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Air Pollution Control Division

The Air Pollution Control (APC) Division of Canton City Public Health is one of nine local air agencies (LAA) within the State of Ohio that serves its individual community by providing local management and protection of the area’s outside air quality through contract with Ohio Environmental Protection Agency (Ohio EPA). The primary purpose of the APC Division is to protect Stark County citizens from the adverse health and welfare impacts of air pollution by attaining and maintaining ambient air quality standards. This is accomplished through monitoring levels of ambient air pollutants, implementation of the State’s industrial permit program, and enforcement of state & federal clean air regulations, which are described in more detail below.

Canton APC operates a network of air quality monitoring stations throughout Stark County for the purpose of capturing and analyzing ambient air samples which are representative and indicative of the quality of air to which area residents are exposed.  This network is part of Ohio EPA's air monitoring network plan. Canton APC monitors levels of fine particulate matter (PM2.5), ozone, and carbon monoxide.  The monitoring stations are located in Canton at the Health Department, Fire Station #8, and Malone University, and also in Brewster and Alliance.  Canton APC also operates a lead (Pb) and metals monitoring station at the Republic Steel facility in Canton per agreement with the facility. Air quality data collected from the monitoring stations is available on our Air Quality page.

Canton APC's work activities include preparing permits for stationary industrial air pollution sources (which are issued by Ohio EPA), performing facility inspections for permit compliance, performing complaint investigations, and pursuing enforcement actions for non-compliance. In addition, the division performs similar work activities for state & federal regulations governing the removal, handling and disposal of Asbestos as it relates to renovation and demolition of buildings, vehicle anti-tampering, and Open Burning. Air pollution sources include industrial smoke stacks, industrial equipment, gasoline stations, dry cleaners, roadways and other areas that generate dust, odors, or emissions.

Management of the county’s outside air quality is centered around the implementation of the State of Ohio’s air pollution permit system through Ohio EPA and enforcement of permit compliance. Each potential source of air pollution is required to apply for and obtain an approved Ohio EPA air pollution permit prior to installing and operating. Approval for a permit requires that a source must demonstrate it is operating in compliance with all rules and not emitting excess air contaminants. Permit application forms, instructions, and guidance are available through Ohio EPA's website.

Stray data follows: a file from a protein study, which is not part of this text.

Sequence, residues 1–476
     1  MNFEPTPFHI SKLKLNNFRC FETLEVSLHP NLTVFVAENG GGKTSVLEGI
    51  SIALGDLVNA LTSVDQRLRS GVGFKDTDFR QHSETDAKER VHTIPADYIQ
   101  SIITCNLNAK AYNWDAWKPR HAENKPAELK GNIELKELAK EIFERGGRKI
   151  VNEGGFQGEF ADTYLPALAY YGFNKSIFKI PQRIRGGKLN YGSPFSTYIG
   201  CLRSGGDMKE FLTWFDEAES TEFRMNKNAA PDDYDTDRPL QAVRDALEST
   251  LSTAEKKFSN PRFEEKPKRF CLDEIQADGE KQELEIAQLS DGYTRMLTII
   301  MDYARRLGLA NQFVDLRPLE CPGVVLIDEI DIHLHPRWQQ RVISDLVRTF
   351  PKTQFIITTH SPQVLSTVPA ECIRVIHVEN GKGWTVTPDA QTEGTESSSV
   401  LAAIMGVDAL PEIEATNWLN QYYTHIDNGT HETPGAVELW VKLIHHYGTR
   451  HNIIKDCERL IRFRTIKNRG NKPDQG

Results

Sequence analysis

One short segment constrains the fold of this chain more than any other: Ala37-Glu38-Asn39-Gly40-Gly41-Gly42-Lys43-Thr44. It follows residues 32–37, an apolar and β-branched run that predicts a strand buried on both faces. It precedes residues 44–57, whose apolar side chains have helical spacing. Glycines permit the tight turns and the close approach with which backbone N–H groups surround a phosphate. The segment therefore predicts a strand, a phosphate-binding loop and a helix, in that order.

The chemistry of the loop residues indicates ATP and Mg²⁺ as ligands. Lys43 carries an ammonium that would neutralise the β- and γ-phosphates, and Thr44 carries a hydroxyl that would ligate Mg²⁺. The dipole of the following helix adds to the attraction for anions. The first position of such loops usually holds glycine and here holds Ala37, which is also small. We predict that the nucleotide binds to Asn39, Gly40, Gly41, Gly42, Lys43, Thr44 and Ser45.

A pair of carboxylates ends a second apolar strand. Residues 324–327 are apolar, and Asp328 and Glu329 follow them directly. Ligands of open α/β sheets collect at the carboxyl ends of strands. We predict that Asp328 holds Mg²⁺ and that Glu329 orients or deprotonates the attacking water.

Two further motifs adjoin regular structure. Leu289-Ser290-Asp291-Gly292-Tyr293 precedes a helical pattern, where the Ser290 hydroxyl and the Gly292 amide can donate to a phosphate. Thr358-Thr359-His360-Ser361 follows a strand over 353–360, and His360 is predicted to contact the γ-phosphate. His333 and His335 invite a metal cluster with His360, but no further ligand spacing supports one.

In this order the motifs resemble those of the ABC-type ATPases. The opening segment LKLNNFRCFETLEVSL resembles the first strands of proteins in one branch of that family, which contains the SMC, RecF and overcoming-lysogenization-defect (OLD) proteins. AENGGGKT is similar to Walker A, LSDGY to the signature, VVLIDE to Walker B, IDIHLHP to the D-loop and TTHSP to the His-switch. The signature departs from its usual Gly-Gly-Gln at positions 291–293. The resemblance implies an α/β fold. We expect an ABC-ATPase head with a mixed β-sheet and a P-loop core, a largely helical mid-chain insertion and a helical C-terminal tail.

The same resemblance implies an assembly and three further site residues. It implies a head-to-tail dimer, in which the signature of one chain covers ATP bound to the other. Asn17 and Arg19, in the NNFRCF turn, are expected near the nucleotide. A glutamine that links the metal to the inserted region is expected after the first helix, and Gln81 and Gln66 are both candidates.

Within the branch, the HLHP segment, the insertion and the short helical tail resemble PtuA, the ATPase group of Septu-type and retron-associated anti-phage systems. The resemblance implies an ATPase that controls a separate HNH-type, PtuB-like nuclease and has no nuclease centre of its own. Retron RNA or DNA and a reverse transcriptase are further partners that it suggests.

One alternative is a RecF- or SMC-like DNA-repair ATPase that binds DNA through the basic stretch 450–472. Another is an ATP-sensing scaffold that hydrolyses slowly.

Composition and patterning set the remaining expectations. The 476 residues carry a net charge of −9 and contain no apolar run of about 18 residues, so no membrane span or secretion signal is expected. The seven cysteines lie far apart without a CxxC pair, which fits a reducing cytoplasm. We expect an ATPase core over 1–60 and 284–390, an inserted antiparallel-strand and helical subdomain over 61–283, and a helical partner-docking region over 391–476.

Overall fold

There are several different types of Ohio EPA air permits which are dependent on the size and type of facility. Major industrial sources, which are considered high priority facilities (HPF), are required to obtain comprehensive Title V air permits or a Federally Enforceable Permit to Install and Operate (FEPTIO). Minor sources are required to obtain a Permit to Install and Operate (PTIO) or Permit by Rule (PBR). Some sources are small enough to be exempt from permit requirements. As of 01/01/2018, Canton APC currently has 20 Title V, 20 FEPTIO,  183 PTIO, and 283 PBR facilities located in its jurisdiction of Stark County.

One of the major ways to monitor permit compliance is by performing periodic facility inspections. Many inspections are unannounced to ensure the sources are routinely meeting their permit conditions. The priority and frequency of inspections are dependent on complaints received, the size and type of facility, and the type and severity of the pollution problems. The inspections of high priority facilities meet the requirements of the federal Compliance Monitoring Strategy issued by U.S. EPA.

Stark county residents receive prompt response to their air-related complaints and questions (See bottom of this page on how to submit a complaint). Such complaints may concern activities of the private or public sector, i.e., industrial plant emissions or neighborhood open burning. All require a thorough investigation with appropriate corrective actions.

Enforcement results from the discovery of violations of permit terms and/or air regulations. Discovery occurs as a result of inspections, stack tests, compliance reports, surveillance activities, complaint investigations, or emission calculations.

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Air Quality

 

To report complaints of open burning, fugitive dust, odor, asbestos or facility air pollution, please call (330) 489-3385 or submit electronically through the city-wide service request system by clicking here.  If requested, callers may remain anonymous.

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